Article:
Philadelphia faces a mass incarceration epidemic that includes large racial disparities in who gets arrested, prosecuted, and locked up, and who doesn’t. The Police Department is left to its own devices for internal investigation of misconduct and has no real community accountability.
Despite the reduction in Philadelphia’s jail population, people across the city are still being incarcerated and held at an alarming rate, often for petty offenses, technical violations of probation or lodged automatic detainers, and/or due to an inability to pay unaffordable cash bails.
Technical violations for insignificant infractions, along with lodged automatic detainers means people spend extended periods in jail before a court hearing.
Probation officers are overloaded with cases and are not held to accountable practices.
The First Judicial District has no administrative policy for the practice of probation detainers.
Despite a slight decrease in 2018, Philadelphia continues to prosecute youth under 18 as adults and hold youth pretrial in adult jails.
The Police Advisory Commission, the body that is supposed to serve as the liaison between community and the PPD, is underfunded and has no real power of investigation or accountability.
People entering our criminal justice system are not given real economic opportunities and support systems that allow them to thrive, leading to recidivism and hardship during pre-trial and re-entry.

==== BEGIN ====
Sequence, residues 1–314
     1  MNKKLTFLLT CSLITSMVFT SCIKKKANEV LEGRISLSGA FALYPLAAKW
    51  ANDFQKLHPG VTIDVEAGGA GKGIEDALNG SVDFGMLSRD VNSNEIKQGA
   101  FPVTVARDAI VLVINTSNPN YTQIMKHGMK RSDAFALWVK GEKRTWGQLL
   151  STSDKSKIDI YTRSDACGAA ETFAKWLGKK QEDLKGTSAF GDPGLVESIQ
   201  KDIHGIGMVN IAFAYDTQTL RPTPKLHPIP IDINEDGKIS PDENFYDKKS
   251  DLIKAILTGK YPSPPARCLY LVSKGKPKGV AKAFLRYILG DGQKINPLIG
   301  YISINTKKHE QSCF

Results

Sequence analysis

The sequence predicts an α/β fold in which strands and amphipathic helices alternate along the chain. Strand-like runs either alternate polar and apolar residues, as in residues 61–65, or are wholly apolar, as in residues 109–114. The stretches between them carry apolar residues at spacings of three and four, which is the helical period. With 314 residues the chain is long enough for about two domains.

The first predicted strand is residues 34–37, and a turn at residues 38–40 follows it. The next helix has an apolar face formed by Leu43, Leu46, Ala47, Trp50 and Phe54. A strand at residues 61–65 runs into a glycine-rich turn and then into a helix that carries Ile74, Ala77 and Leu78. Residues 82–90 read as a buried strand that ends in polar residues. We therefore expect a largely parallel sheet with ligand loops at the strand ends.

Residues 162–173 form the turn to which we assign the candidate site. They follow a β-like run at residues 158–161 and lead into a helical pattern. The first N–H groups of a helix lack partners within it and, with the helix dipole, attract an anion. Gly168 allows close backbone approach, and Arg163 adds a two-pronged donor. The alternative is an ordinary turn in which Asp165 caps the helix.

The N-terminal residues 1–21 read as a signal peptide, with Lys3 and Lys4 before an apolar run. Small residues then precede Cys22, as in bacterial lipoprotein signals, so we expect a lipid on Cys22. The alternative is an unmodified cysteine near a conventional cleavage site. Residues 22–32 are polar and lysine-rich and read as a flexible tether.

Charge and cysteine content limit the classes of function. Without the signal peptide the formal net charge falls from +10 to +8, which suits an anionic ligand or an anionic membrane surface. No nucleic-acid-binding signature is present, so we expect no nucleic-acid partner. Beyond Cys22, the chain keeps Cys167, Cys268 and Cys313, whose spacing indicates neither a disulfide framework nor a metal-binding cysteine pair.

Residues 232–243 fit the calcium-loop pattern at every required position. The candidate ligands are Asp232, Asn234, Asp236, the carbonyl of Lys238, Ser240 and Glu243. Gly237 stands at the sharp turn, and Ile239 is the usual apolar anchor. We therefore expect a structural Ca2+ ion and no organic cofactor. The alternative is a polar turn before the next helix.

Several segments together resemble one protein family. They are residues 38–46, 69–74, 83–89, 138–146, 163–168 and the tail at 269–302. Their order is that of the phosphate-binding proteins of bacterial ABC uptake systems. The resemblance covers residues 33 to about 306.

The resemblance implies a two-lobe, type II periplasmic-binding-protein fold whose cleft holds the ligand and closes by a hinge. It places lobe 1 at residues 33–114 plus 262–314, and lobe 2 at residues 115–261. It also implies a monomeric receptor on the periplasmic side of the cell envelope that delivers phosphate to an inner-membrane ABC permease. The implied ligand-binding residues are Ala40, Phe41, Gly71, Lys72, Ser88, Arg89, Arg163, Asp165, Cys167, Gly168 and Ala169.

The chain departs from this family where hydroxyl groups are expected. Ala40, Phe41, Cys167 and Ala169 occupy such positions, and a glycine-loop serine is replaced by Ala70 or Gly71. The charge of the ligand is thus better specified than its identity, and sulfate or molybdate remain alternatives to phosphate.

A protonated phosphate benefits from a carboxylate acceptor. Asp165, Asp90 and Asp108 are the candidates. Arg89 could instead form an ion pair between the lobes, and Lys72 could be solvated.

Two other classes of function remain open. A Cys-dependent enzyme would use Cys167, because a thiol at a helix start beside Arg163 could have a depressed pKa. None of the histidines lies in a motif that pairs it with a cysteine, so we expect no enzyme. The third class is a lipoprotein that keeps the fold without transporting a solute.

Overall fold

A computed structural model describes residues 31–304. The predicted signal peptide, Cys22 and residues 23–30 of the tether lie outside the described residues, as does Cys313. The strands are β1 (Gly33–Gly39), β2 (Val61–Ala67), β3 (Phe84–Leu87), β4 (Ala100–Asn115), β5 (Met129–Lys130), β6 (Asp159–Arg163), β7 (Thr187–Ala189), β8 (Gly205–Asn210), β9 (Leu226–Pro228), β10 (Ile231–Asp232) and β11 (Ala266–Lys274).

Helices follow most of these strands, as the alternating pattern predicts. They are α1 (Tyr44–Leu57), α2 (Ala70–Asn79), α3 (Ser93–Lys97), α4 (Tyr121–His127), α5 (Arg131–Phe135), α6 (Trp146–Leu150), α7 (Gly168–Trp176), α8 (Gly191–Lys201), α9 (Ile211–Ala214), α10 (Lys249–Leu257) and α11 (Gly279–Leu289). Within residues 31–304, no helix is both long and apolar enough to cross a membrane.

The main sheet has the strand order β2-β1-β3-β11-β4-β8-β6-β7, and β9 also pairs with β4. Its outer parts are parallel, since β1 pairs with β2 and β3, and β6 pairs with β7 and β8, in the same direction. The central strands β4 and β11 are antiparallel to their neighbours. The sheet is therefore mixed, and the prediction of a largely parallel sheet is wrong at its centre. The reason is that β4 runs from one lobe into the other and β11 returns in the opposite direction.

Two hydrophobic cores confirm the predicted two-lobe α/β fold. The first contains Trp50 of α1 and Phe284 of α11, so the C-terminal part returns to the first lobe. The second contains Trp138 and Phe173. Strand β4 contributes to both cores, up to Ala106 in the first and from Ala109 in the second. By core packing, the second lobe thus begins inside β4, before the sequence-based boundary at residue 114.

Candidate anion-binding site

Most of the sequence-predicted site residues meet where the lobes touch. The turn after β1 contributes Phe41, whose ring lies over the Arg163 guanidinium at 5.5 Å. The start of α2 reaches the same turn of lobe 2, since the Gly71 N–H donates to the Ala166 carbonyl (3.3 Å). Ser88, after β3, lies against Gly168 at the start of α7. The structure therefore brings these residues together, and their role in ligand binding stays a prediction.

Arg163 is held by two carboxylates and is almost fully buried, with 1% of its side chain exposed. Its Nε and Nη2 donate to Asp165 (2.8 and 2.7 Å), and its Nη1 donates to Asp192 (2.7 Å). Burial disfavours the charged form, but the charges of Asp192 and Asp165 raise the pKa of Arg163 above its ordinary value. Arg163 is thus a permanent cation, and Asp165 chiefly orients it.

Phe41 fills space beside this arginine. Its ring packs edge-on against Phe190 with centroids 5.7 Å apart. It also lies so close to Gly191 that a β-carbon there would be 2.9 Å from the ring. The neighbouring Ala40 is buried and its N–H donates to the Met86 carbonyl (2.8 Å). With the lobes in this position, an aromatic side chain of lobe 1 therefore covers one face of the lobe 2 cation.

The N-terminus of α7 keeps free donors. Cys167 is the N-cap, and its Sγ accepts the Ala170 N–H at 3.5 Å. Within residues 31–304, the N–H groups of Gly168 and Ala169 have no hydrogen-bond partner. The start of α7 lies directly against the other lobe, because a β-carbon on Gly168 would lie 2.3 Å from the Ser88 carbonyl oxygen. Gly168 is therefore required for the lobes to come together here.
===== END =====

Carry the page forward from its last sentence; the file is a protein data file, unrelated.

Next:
We must continue to reduce the number of people held we hold in jail by an additional 50% from current levels.
Police must be held accountable in cases of brutality and misconduct.
People impacted by our system must have access to community-centered opportunities.
We must stop prosecuting and incarcerating children as adults, and divert youth out of the justice system and into community-based models of support whenever possible.
City Council Actions
Add staff and ample funding to the Police Advisory Commission, following through on the commitment to increase funding from $500K to $1.5 million.
With the savings from our decreasing jail population, invest in alternative sentencing programs like restorative and transformative justice initiatives, job programs, and pre-trial and re-entry services that are community-centered.
Push criminal justice stakeholders, including the First Judicial District and its Adult Probation and Parole Department, the District Attorney, the Managing Directors’ Office, the Public Defender Association, and all criminal justice partners to cut our adult parole and probation population from 40,000 to 20,000 within 2 years.